With a standard charge mortgage the lender will register your specific mortgage details (principal amount, interest rate, term, etc) and the standard charge is registered for the actual amount of the mortgage.  At maturity this registered charge is transferable to another lender with minimal expense.

With a collateral charge mortgage the lender will register a charge for a greater amount than your original mortgage loan.  This amount can be up to 125% of the value of the mortgaged property.  What this does is gives the lender and borrower the ability to secure future loans with the property without having to register new charges.  This collateral Charge is not transferable to another lender at the maturity of the mortgage term.

The Good – The benefit of a collateral charge mortgage is that you may be able to refinance your mortgage or borrow additional secured loans (line of credit or credit cards) in the future without having to register a new charge against the property.  This will save time and expense for the borrower.  It is important to note that the lender will still need to approve any additional loan based on the borrower’s financial situation at the time.

The Bad – The main negative of a collateral charge mortgage is that it is not transferable to another lending institution at maturity.  If a borrower wants to change lenders at maturity for a better rate or better mortgage features they will incur legal fees to discharge the maturing mortgage and register a new mortgage with the new lender.  These fees can range from $500 to $1000.  For borrowers who want to keep their options at maturity and maintain negotiating power this is not the best mortgage.

The Ugly - There are other potential disadvantages related to collateral charge mortgages due to their structure that are important to understand.

As a homeowner you lose control of the equity in your home.  Regardless of how much equity you have in the house the charge registered against the property can be up to 125% of the value of the home.  No other lender will be willing to give you a 2nd mortgage or a secured line of credit using your house as collateral because the first lender controls all the equity.  As long as the collateral mortgage is in place all secured lending will have to be done with the first lender.  And if that lender declines a request for more money, which they have the right to do, you will have very few options.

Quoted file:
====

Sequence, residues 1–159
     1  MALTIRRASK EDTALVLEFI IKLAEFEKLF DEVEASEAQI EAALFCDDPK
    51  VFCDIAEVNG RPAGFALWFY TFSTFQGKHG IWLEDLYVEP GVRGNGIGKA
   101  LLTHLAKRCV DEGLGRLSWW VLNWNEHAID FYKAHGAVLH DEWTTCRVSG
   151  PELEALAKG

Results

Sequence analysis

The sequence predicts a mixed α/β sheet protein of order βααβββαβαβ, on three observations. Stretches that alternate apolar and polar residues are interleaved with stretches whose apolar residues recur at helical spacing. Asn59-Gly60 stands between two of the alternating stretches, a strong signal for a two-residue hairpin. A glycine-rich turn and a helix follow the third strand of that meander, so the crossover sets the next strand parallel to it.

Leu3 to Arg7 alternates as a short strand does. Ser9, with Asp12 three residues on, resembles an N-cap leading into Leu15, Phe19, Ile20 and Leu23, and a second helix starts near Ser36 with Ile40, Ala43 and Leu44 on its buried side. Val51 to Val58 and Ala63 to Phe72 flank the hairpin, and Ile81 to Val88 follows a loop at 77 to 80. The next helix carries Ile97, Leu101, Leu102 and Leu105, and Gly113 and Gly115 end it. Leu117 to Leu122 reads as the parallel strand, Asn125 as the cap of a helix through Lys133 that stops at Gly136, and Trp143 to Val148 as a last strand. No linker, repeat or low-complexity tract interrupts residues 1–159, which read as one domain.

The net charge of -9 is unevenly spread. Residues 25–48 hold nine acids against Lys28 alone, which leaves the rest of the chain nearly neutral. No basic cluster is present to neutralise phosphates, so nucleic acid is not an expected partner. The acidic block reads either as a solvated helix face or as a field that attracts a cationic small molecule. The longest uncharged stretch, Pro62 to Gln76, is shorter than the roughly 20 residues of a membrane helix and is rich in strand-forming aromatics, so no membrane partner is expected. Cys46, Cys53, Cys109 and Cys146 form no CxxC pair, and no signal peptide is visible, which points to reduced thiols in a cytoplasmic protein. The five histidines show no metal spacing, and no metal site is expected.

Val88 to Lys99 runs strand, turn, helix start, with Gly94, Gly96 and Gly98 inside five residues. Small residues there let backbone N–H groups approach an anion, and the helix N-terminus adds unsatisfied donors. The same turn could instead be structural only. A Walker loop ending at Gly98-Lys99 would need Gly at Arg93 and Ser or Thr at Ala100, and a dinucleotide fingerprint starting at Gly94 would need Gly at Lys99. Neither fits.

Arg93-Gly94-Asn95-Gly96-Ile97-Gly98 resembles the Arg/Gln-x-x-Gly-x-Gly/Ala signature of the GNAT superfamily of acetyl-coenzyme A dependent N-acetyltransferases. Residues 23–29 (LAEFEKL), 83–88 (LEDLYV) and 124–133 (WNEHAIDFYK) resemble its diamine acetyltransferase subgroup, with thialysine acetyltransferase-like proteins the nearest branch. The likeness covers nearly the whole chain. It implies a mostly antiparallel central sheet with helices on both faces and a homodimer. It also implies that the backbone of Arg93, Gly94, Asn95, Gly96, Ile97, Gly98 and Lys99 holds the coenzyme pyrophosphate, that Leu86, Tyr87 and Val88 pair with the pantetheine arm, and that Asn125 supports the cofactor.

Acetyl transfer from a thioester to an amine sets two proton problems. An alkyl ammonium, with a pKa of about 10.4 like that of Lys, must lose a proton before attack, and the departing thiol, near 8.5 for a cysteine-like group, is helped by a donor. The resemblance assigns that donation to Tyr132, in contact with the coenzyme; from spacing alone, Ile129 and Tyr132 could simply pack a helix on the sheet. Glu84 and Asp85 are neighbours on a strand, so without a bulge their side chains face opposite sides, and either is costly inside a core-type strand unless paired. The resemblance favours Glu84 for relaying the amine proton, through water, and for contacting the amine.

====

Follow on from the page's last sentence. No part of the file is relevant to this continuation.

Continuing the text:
All loans made under a collateral mortgage are interconnected and as a result may reduce your ability to shop your mortgage around at maturity.  If you have a mortgage, a line of credit and possibly a secured credit card under one collateral charge mortgage, in order to move the mortgage portion you would need to pay off all debts in order to move the original mortgage to a new lender.

Collateral charge mortgages do have advantages, but unfortunately most are for the lending institution.  It is important to be aware that a couple of the major banks now only offer collateral change mortgages.

As with any financial product make sure you understand the pros and cons of a collateral charge mortgage before entering into one.  And if you have questions seek the advice of a professional who is looking out for your best interests.

Written by Jeff Dickson May 11, 2016 for Cornwall Wealth Management Group

 

Note: The opinions expressed here are Jeff Dickson’s.  Cornwall Wealth Management Group/Manulife Securities Incorporated are not responsible for the accuracy of any of the information supplied here. All Bank related products are not offered through the Securities Dealer and are available by Referral only